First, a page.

FFA challenge tests diagnostic skills

By Ryan Carpe rcarpe@civitasmedia.com

February 23, 2014

DARKE COUNTY – FFA students from all over the region met at the Darke County Fairgrounds Youth Building on Saturday to compete in the annual District 5 Agricultural Industrial Diagnostics Contest.

More than 17 local high schools took part in the competition, which tested agricultural equipment knowledge and practical problem solving skills related to common equipment and vehicles.

“Basically they’re learning to troubleshoot problems,” said Koenig Service Manager Jeremy Fine. “They can utilize this whether they have equipment on the farm or whether they decide to go into this as a profession, it can serve as a jumping point for that too.”

The heavy equipment used for testing was loaned to the FFA by Koenig Equipment in Greenville and North State Hardware & Implement Company, and included compact tractors, commercial mowers and utility vehicles.

During each individual test the equipment was “bugged” by the contest judges, challenging students to not only identify the problem, but also fix the issue in a timely manner.

“It’s fun and it’s something to do to get you out of the house,” said Versailles sophomore Jeremy Meinerding, who competed in Saturday’s event.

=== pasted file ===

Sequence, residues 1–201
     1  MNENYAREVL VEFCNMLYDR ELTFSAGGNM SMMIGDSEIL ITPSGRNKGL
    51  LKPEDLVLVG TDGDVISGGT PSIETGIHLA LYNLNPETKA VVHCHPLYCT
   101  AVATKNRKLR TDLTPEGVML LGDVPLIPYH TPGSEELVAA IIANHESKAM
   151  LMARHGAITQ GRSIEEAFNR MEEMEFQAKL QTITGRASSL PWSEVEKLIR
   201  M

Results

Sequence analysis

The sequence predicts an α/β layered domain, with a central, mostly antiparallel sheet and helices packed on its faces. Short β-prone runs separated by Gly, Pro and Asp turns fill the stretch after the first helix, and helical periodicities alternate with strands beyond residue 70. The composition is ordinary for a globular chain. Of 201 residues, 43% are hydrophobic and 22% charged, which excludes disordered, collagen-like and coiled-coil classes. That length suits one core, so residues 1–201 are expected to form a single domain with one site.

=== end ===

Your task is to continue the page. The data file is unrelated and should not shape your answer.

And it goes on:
The contest required participants to work in teams of two, and the FFA students were provided just over a minute to evaluate the problem, and then 15 minutes to resolve it.

“It’s a really popular contest for lots of schools. It’s a very hands-on event, so students really appreciate that part of it,” FFA Advisor Dena Wuebker said.

The most common problem students encountered was the vehicle failing to start, while other issues popped up such as malfunctioning headlights or faulty air conditioning.

To address all the issues in the contest, many of the students previously competed in county diagnostic contests, others practiced at dealerships throughout the year, and some students were enrolled in technical career programs offered through their schools.

“I’ve seen a varied background,” said Fine. “As long as they’re members of the FFA they can compete, so we’ve seen everything… I mean it’s a pretty wide range of kids.”

The students are also required to take an online written test issued by the state FFA that addresses many of the principles equipment operation.

And Saturday’s event not only served as a fun way for FFA students to test their skills , but the district winners will also have the opportunity to compete in the state finals, which traditionally take place at the University of Northwestern Ohio (UNOH) in Lima.

The first place winners at state earn a $10,000 scholarship for each member of the team.

“UNOH is very committed to this particular contest,” said Wuebker.